Kilman joined Wolves from National League side Maidenhead United in August, 2018 and is now battling for a spot in Nuno Espirito Santo’s Premier League side.
The 22-year-old is yet to make a top flight start but after back-to-back Europa League starts, his star is rising.
And the left-sided centre-half believes his Premier League Two Division Two promotion winning season with the U23 side has helped him adapt from part-time football.
But as he pushes for that first Premier League start at Bournemouth next Saturday, he is keen to keep improving.
He said: “It has been very tough because I have had to adapt.
“There has been a lot of room for improvement.
“It has been a long process but I think I needed quite a while to adapt to training full-time and all of that.
“The length has been quite long but I think it was beneficial for me.
“My aims are just to keep getting better.
“I still think there is a lot of room for improvement with me.
“Just to get better and better everyday.”
But it was not just a shift from part-time to full-time football but a complete life-shift for the London-born defender,
Kilman was studying a business and sports degree at Hertfordshire University when he got the call from Wolves.
His mother Maria had urged him to find some form of insurance just in-case his footballing dream did not pay off.
But now Max, his mum and father Alex are all ecstatic to see that their sacrifices are paying off.
He said: “It was tough (at Maidenhead) because we did not train full-time.
“I did not know where football was going with me.
“I was studying at university at the same time, doing both and just taking it game by game.
“But I was very fortunate.I was just finishing my degree online when I joined Wolves.
“My mum was saying ‘you can’t just rely on football, you need to get a job’.
“I was OK at school so I just decided to go to university.
“It was a no-brainer when I got the interest from Wolves.
“I had to come and see what happens.
“I would always make a sacrifice to miss stuff for football, university, just to try.
“My parents are very happy.
“My dad always believed in me but my mum wanted me to have that insurance.
“But it has paid off, so I’m happy with it.”
Kilman arrived at Molineux as a full England international due to his futsal exploits.
The defender featured for London futsal side Helvécia and Maidenhead in that 17-18 season that caught Wolves’ attention.
And Kilman explained futsal was always an outlet to improve his football game and aid his fitness due to Maidenhead’s part-time status.
He said: “When I was 15 I got invited to a local futsal team.
“I thought it was more like a five-a-side thing. More football.
“But I started playing it, started liking it and it was more intense than football.
“I started to learn more about the game and started to transition and play both at the same time football and futsal.
“Not much so (a decision to choose football over futsal), I always wanted to play football, futsal was something on the side to keep my fitness up, I was not training every day.
“So to do football training three times a week and futsal three times a week.
“It was good, a way of training every day.”
Kilman’s journey to a full-time professional contract started when he six years old.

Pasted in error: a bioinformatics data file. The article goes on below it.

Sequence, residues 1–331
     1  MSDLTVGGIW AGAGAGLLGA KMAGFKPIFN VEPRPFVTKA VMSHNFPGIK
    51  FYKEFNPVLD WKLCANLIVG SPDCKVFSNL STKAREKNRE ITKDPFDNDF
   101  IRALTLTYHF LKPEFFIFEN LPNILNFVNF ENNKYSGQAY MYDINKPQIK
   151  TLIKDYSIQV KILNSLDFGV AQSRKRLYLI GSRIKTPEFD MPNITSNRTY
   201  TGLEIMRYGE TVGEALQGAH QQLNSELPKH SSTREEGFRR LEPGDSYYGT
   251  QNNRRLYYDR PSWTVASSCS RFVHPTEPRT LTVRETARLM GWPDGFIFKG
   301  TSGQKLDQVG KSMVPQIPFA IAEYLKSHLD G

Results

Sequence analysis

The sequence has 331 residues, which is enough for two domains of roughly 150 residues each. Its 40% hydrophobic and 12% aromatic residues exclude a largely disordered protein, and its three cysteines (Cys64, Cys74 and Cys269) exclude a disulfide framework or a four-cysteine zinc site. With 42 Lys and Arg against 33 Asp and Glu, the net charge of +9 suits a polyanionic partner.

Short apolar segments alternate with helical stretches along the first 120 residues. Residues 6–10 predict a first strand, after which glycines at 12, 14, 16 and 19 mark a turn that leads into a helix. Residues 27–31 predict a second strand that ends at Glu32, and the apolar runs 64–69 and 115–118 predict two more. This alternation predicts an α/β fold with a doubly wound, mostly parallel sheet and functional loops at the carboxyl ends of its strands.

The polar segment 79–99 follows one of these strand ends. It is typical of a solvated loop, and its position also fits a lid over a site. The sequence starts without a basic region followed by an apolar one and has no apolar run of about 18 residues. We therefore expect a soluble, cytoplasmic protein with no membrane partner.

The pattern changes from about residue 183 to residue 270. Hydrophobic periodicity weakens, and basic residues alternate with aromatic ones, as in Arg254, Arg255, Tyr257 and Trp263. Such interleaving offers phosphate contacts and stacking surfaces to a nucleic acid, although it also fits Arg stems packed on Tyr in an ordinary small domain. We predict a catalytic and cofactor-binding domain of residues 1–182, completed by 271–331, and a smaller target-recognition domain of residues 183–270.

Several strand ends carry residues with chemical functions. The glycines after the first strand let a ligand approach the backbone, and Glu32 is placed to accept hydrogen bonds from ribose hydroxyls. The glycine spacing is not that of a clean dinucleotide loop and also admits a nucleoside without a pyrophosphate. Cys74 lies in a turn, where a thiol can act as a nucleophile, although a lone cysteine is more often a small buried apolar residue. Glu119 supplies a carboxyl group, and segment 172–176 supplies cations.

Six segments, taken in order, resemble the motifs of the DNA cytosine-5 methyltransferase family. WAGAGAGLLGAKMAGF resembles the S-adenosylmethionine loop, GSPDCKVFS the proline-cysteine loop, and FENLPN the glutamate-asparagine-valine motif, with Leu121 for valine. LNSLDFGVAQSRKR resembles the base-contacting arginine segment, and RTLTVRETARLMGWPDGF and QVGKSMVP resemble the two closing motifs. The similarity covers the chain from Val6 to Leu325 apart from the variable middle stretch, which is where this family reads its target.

The defender was born in Kensington and Chelsea and inherited a love of football from his father.
Kilman’s Premier League debut came in Wolves’ 1-0 final day victory over Fulham.
And he revealed his release from Craven Cottage at 15 inspired the fight that would eventually see him make it to professional level.
Despite that early rejection and no joy at current League One side Gillingham he never gave up.
Apt that his Premier League debut would be against Fulham in last term’s final day 1-0 win.
And he stressed his desire just to play football.
He said: “When I was six my dad had introduced me to football.He used to watch it and take me down to the park.From then I just went to the park with a ball and started kicking it around.
“I got to Fulham when I was nine and I got there through until I was 15.
“I did not get offered a contract after that but it was good, it was a good level, I played a lot.
“I really enjoyed it there.
“When it happened (the release), everything went. I’d broken down but I could not imagine doing anything else.
“When I was at school everyone knew that I played football.
“It was tough but I just wanted to go and play football again.
“After I got released I thought I need to keep going.
“Me and my dad kept trying.
“I went to different clubs, went to Gillingham.
“I played there at youth level, again I didn’t get offered a pro deal.
“So I went to Maidenhead, played a couple of games for the U18s, then next season started training with the first team.
“Then I picked it up from there again.
“It turned out OK!”
That pathway to Maidenhead’s first team is the same route he is using at Wolves.
The U23 team train regularly with Nuno’s first team and utilise the same formation as that crop.
Kilman sees playing the same shape of 3-5-2 or 3-4-3 as important to aiding the first team transition.
And Kilman says there is a lot of young talent at Compton Park.
He said: “It is very important for the U23s or the 18s when they come up to train with the first team or when they have played they know the formation and they can adapt straight away in training.
“Some of the players went on-loan.
“I still speak to them, we had a very good season and there is a lot of talent in that group.
“I feel a lot of them deserve to be playing somewhere and doing what they can.”